Some observations on Animal Farm by George Orwell

by WinstonSmith 30 Replies latest watchtower beliefs

  • mrsjones5

    And my jw mother thought it was a children's book.

    Great review and comparison of the book.

  • ziddina

    Marking - great thread!!!

    Also, I want to pick up that book that Blondie recommended... Thanks, Blondie!!

  • Razziel

    I can't wait to go to Sugarcandy Mountain when I die.

  • compound complex
    compound complex

    Isn't freedom to read and evaluate a wonderful thing?

    I, too, must read this. I had no idea ...

    Many thanks, Winston.

  • compound complex
  • GLTirebiter

    Four legs good, two legs bad!

    The pigs teach the animals relexive demonization of outsiders, just like The Truthvs. Worldly.

    I was so glad my kids were assigned to read Animal Farm for their English Lit classes! I hope they will soon realize what that story is about.

  • kurtbethel

    Very good comparison. It also maps well on to certain political movements, and especially the alleged war on terror.

  • Quendi

    Of course, one must remember that Animal Farm is an allegorical look at the history and development of the Soviet Union. George Orwell meant it to be such when he wrote the book in the 1940s. Farmer Jones was the Czar; Major was Lenin; while Snowball and Napoleon stood for Trotsky and Stalin respectively.

    What makes the book so apropos to our discussion is how the history of Jehovah's Witnesses parallels the history of the former Soviet Union. The story of Animal Farm is a commentary on human nature and has been repeated many times throughout history. What happened with the WTS, the Soviet Union, and other movements and states is nothing new. Animal Farm could just as well be seen as a history of the Mormon Church, whose development very closely follows what Orwell writes about.

    The book is a classic. I have read it before and it is a permanent part of my home library. I first read it as a high school student. It was assigned and required reading by my English teacher in those days. Back then we talked about the book's depiction of the workings of a totalitarian state. With the collapse of the Soviet Union I suppose the book isn't read much anymore, but I think it should still be required reading for students.

    This discussion is not the first time Animal Farm has been a topic on this board. Along with several others I have done so in the past, though not with the excellent analysis our friend Winston Smith has given to us. I want to thank him for it and I will close with this quote from Thomas Jefferson which also applies to the WTS:

    “Experience hath shewn, that even under the best forms of government those entrusted with power have, in time, and by slow operations, perverted it into tyranny.”


  • kepler

    Had been thinking about Animal Farm and 1984 for some time too. Finally placed a post on a topic related to revising text:

    It's not just that Orwell's commentaries on totalitarianism serves as a well-fitting shoe, but the states he described did as well - and its citizens often remarked on it. Studying Russian/Soviet history, the parallels are remarkable: the mass rallies, the official paper Pravda, the enemies of the people, special terminologies, heroes of labor, stakhanovites, informers. Overseas delegations always had to stay together. Interpreters even translated Russian into Russian or English to English.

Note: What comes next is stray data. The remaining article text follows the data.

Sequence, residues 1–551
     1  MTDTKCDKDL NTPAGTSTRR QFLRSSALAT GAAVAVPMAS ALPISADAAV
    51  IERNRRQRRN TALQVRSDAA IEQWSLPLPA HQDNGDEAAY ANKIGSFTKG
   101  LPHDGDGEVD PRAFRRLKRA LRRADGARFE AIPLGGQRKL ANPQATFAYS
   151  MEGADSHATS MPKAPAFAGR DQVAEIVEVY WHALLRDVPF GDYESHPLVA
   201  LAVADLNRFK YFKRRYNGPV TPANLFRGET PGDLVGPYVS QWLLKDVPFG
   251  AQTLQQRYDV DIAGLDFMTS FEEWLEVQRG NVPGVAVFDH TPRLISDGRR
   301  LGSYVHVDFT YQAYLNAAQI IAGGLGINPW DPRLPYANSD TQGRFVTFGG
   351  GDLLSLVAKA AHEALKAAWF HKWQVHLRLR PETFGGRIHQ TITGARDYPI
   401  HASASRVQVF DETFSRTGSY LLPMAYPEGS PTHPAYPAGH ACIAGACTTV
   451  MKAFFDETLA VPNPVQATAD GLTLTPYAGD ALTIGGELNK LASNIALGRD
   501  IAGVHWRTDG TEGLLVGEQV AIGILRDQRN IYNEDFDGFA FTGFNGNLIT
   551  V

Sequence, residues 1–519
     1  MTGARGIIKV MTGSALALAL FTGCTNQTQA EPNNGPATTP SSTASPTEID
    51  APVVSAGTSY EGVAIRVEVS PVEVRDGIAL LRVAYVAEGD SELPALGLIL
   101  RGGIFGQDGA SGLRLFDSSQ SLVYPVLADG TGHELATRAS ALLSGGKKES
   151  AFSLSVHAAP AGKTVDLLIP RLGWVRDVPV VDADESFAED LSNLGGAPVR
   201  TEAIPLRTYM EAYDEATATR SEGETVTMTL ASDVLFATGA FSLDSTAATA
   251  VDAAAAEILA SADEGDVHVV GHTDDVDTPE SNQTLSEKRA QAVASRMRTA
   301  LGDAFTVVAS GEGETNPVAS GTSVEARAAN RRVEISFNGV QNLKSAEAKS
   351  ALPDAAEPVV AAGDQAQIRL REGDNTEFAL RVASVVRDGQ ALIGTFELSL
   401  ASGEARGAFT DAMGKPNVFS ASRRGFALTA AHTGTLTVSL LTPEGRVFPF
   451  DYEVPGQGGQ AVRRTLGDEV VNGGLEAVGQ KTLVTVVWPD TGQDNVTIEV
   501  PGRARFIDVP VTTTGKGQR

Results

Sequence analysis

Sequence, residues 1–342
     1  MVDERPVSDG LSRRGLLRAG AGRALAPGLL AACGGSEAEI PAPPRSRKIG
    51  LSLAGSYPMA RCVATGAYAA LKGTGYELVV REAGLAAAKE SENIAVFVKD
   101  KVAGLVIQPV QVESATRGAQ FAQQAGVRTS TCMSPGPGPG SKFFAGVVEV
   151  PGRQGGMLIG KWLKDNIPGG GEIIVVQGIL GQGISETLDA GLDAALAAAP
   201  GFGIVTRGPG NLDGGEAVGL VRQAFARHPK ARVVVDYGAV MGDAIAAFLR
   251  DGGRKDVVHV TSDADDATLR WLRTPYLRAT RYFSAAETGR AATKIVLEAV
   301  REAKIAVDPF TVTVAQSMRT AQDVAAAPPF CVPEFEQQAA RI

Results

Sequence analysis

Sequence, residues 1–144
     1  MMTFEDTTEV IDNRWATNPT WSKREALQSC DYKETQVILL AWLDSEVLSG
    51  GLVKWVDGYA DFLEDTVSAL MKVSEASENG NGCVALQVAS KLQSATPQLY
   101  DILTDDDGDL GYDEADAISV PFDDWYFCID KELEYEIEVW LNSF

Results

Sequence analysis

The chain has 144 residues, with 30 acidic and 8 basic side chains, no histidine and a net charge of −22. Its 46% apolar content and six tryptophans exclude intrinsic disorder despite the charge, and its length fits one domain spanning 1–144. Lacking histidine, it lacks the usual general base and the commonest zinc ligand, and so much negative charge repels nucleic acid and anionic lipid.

Then, there is this portrait of one Joseph that resembles another. It goes on book after book, but here is an excerpt from Aleksandr Solzhenitsyn's "First Circle". In the English version, it's chapter 20, "Give Us Back Capital Punishment, Iosif Vissarionovich".

    "But he could not trust even this understandable Abakumov [minister of state security]. Mistrust was Iosif Djugashvili's determining trait. Mistrust was his world view.

    "He had not trusted his mother. And he had not trusted God before whom he had bowed his head to the floor for eleven years in his youth. Later he did not trust his own fellow Party members, especially those who spoke well. He did not trust his fellow exiles. He did not trust peasants to sow grain and reap harvests unless they were coerced and their work was regularly checked on. He did not trust workers to work unless production norms were set for them. He did not trust members of the intelligentsia not to commit sabotage. He did not trust soldiers and generals without the threat of penalty regiments in their rear. He did not trust his intimates. He did not trust his wives and mistresses. He did not trust his children. And he always turned out to be right.

    "He had trusted one person, one only, in a life filled with mistrust, a person as decisive in friendship as in enmity. Alone among Stalin's enemies, while the whole world watched, he had turned around and offered Stalin his friendship.

    "And Stalin trusted him.

    "That man was Adolf Hitler...

  • Aussie Oz
    Aussie Oz

    Great list and saved for later!

    Even my 15 year old saw some of these when she read it, wait till i show her this list!!!

    Thanks heaps


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